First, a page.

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It's MORNING EDITION, from NPR News. Good morning. I'm Renee Montagne.
STEVE INSKEEP, HOST:
And I'm Steve Inskeep. This week, Tibetans protested against Chinese rule. They held some of the largest protests in four years. According to Tibetan right groups, Chinese security forces opened fire on demonstrators, killing at least four people and wounding more than 30. The demonstrations were inspired, in part, by a disturbing new trend in Tibetan dissent: Tibetan people lighting themselves on fire. NPR's Frank Langfitt reports.
FRANK LANGFITT, BYLINE: By most accounts, this week's demonstrations began with leaflets. They were distributed in the Tibetan region of China's far-western Sichuan province. At least one urged people to protest Chinese rule by not celebrating Chinese New Year, which began Monday. The leaflet also contained something certain to stir strong feelings. Kate Saunders, who works with the International Campaign for Tibet, explains.
KATE SAUNDERS: An unidentified Tibetan author was saying that he or she was preparing to set fire to themselves.
LANGFITT: Since last March, 16 Tibetans have doused themselves with fuel and set themselves aflame, to protest China's restrictive political and religious policies.
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LANGFITT: This video shows a Tibetan teenager lying on a street, his blackened body still smoking. Women scream, and one repeats the name of Tibet's spiritual leader, the Dalai Lama. In part to mourn the loss of these people, hundreds staged public protests earlier this week. Kate Saunders describes what happened when Tibetans gathered in a public square in Seda county on Tuesday.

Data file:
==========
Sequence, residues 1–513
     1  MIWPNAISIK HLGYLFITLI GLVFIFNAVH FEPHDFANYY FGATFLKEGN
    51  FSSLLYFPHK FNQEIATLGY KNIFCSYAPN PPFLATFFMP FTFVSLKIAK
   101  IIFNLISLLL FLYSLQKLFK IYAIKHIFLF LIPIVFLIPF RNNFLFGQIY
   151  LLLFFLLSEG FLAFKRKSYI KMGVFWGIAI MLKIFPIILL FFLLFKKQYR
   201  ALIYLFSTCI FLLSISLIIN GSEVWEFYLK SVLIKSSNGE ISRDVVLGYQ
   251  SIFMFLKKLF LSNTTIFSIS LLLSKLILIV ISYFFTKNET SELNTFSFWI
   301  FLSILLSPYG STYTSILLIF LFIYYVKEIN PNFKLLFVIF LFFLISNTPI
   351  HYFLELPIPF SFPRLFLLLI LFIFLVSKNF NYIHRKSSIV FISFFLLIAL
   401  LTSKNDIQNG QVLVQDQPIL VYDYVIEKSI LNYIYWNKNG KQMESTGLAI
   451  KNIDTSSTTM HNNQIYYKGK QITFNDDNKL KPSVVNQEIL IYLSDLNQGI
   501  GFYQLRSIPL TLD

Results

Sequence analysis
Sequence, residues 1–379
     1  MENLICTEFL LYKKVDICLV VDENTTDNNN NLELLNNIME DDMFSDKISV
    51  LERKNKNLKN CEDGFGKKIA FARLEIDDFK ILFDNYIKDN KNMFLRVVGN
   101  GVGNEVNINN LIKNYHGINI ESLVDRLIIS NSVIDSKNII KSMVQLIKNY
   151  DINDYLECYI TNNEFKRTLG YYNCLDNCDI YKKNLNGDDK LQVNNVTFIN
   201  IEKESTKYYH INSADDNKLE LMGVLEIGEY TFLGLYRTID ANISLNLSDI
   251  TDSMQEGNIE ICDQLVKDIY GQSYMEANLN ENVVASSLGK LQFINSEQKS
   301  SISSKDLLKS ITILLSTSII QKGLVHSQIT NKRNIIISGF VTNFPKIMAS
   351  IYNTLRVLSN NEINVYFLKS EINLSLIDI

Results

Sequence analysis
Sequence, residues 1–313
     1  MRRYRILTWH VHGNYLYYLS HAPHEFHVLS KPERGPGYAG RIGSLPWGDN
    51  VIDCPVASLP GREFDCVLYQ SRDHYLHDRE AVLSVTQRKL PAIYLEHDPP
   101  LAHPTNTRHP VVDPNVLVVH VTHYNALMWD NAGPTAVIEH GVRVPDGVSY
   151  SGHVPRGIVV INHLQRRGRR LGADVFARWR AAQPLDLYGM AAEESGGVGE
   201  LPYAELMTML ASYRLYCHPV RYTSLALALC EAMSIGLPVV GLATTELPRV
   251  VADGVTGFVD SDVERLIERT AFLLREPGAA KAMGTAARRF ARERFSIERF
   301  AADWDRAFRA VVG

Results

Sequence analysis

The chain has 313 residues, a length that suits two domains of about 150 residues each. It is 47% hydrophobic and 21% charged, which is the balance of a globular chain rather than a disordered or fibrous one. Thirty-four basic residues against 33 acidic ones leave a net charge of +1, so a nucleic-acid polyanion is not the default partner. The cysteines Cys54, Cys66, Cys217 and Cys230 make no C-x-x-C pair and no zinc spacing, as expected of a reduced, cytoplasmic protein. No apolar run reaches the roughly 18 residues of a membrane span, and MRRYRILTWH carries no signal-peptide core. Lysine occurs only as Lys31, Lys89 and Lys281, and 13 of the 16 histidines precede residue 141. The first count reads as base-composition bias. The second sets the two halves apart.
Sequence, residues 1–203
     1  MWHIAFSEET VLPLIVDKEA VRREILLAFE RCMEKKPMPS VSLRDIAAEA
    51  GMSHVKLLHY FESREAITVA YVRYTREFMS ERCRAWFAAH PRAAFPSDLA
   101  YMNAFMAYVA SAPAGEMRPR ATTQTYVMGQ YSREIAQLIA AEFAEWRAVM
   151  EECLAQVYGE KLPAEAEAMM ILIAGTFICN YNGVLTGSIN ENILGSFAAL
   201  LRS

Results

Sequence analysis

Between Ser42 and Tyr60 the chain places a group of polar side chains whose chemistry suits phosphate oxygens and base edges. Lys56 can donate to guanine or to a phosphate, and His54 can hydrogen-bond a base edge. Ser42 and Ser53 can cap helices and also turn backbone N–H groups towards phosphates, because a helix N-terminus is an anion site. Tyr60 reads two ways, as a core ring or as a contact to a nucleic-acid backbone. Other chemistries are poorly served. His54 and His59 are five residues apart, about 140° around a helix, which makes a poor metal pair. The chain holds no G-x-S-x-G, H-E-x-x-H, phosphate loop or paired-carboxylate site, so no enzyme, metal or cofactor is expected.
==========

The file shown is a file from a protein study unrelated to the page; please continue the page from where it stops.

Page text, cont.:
SAUNDERS: Troops attempted to lock down the area. Troops fired at the Tibetans. It was a scene of terrible panic and fear. At least one Tibetan was shot dead. Others were shot. And we heard from Tibetan sources that after this occurred, the square was covered in blood, and there were tear gas canisters left on the scene.
LANGFITT: China's government insists Tibetans started the violence. Xinhua, the government's official news agency, says a Tibetan mob attacked a police station with, quote, gasoline bottles, knives and stones. Xinhua says 14 police were injured.
Confirming the facts is extraordinarily difficult. Chinese security forces have blocked roads, and prevented reporters from entering the region for months. NPR made 30 calls to hotels, restaurants and other businesses in the area with no answer - suggesting the government is blocking outside calls as well.
Lobsang Sangay is the prime minister of Tibet's government in exile, in India. He says the self-immolations over the past year mark a distressing turn for the Tibetan freedom movement in China.
LOBSANG SANGAY: It's really sad, you know. It's really tragic that Tibetans are resorting to such extreme measures. Given the choice, anyone would like to live. No one wants to die.
ROBERT BARNETT: People are desperate. And that seems to be particularly true inside monasteries and some nunneries.
LANGFITT: Robert Barnett runs the modern Tibetan studies program at Columbia University. He says since 2000, China has imposed particularly harsh conditions on some Tibetan areas in Sichuan province.
BARNETT: Attacks on the Dalai Lama personally, demanding that monks denounce the Dalai Lama. So they've lost the support and patience of people in those areas.
LANGFITT: China's government blames the unrest and self-immolations on the Dalai Lama. The Communist Party claims he encourages the suicides to foment rebellion – something the Dalia Lama has denied. Earlier this week, U.S. State Department spokeswoman Victoria Nuland criticized China's latest crackdown.
VICTORIA NULAND: We have repeatedly urged the Chinese government to address its counterproductive policies in the Tibetan areas, which have created tensions and threatened the unique religious, cultural and linguistic identity of the Tibetan people.
LANGFITT: China shows no sign of changing its approach. Tibetan activists say the areas where the protests occurred remain under lockdown. They also say they expect more demonstrations in the coming days.
Frank Langfitt, NPR News, Shanghai.